The 24-station Jurong Region Line (JRL) will open from 2026, ramping up transport connectivity in Jurong, as it is transformed into a home for new towns, a second Central Business District and an innovation district. Construction for the JRL is expected to start early next year. JRL will subsequently open in three phases: 2026, 2027 and 2028. The 24km above-ground line will serve residents in Choa Chu Kang, Boon Lay and future Tengah estates, boosting accessibility to schools, industrial areas and the Nanyang Technological University (NTU). Read the full Straits Times article below:
Source: “24km Jurong Region Line to open from 2026”, The Straits Times, 10 May 2018
The Straits Times article
The 24-station Jurong Region Line (JRL) will open from 2026, ramping up transport connectivity in Jurong, as it is transformed into a home for new towns, a second Central Business District (CBD) and an innovation district.
The 24km above-ground line will also serve residents in the Choa Chu Kang, Boon Lay and future Tengah estates, boosting accessibility to schools, industrial areas and the Nanyang Technological University (NTU).
The medium-capacity JRL will use smaller train cars, which can carry between 150 and 200 commuters, compared with cars on other MRT lines, which have a capacity of more than 200. While JRL trains will have three cars each, a fourth car can be coupled to increase capacity.
Transport Minister Khaw Boon Wan, who unveiled the JRL's alignment yesterday, said the line "marks a quantum leap" in the development of Jurong's transport infrastructure.
During a visit to the site of the North-South Line's future Canberra station, Mr Khaw said in a speech that the JRL will improve the resilience of the entire MRT network.
He said the JRL's two interchange stations at Choa Chu Kang (North-South Line) and Boon Lay (East-West Line) will offer commuters alternative travel routes, redistributing and relieving train loading between Choa Chu Kang and Jurong East stations. The JRL has a third interchange station at Jurong East, which links to the East-West and North-South lines.
A commuter going from Choa Chu Kang to NTU will have a shorter journey of 35 minutes with the JRL, saving 25 minutes.
The JRL system is designed with a headway, or train interval, of 90 seconds. The authorities plan to run the trains at intervals of between two and three minutes at the start. There will be two services - an eastern and a western route.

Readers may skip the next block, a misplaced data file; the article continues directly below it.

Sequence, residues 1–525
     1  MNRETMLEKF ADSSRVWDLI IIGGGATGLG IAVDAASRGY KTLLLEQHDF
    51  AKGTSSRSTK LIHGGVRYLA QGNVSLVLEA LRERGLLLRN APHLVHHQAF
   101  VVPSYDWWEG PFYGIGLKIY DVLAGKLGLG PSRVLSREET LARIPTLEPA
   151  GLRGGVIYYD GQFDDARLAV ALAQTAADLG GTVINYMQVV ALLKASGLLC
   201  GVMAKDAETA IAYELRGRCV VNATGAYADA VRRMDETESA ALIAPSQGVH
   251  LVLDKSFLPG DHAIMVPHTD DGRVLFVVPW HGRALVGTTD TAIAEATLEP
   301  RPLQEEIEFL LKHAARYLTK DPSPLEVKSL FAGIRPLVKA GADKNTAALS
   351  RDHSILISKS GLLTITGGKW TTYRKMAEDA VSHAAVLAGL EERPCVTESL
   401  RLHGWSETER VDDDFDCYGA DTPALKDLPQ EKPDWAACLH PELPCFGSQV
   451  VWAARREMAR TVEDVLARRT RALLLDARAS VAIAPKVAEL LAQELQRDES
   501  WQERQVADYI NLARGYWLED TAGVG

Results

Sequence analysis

The JRL, Mr Khaw said, will go towards achieving the Government's vision for Jurong. It will help develop Jurong Lake District into the largest commercial hub outside the CBD and support the development of the future Jurong Innovation District. When these are fully developed, the JRL is expected to carry more than 500,000 commuters daily.
The JRL's opening also dovetails with the Kuala Lumpur-Singapore High Speed Rail in Jurong, which is targeted to be ready by 2026.
Construction for the JRL is expected to start early next year.
The first phase, to open in 2026, will be the JRL (West) segment comprising 10 stations linking Choa Chu Kang to Boon Lay and Tawas. The second phase, to open in 2027, will be the JRL (East) segment with seven stations, providing connectivity between Tengah and Pandan Reservoir. The final phase in 2028 will see the line extending farther into the west to NTU and Jurong Pier in the south.
Yesterday, Mr Khaw also said that Canberra station - between Yishun and Sembawang - will open by December next year.
Asked about the JRL's unique alignment, National University of Singapore transport researcher Lee Der-Horng said it is designed to match the demand in the built-up areas and the future earmarked developments. Costs are likely the reason why the line is not being built underground, he said.
"It is good to have the flexibility to expand the capacity from three to four cars. It is a reflection of the future ridership growth," he added.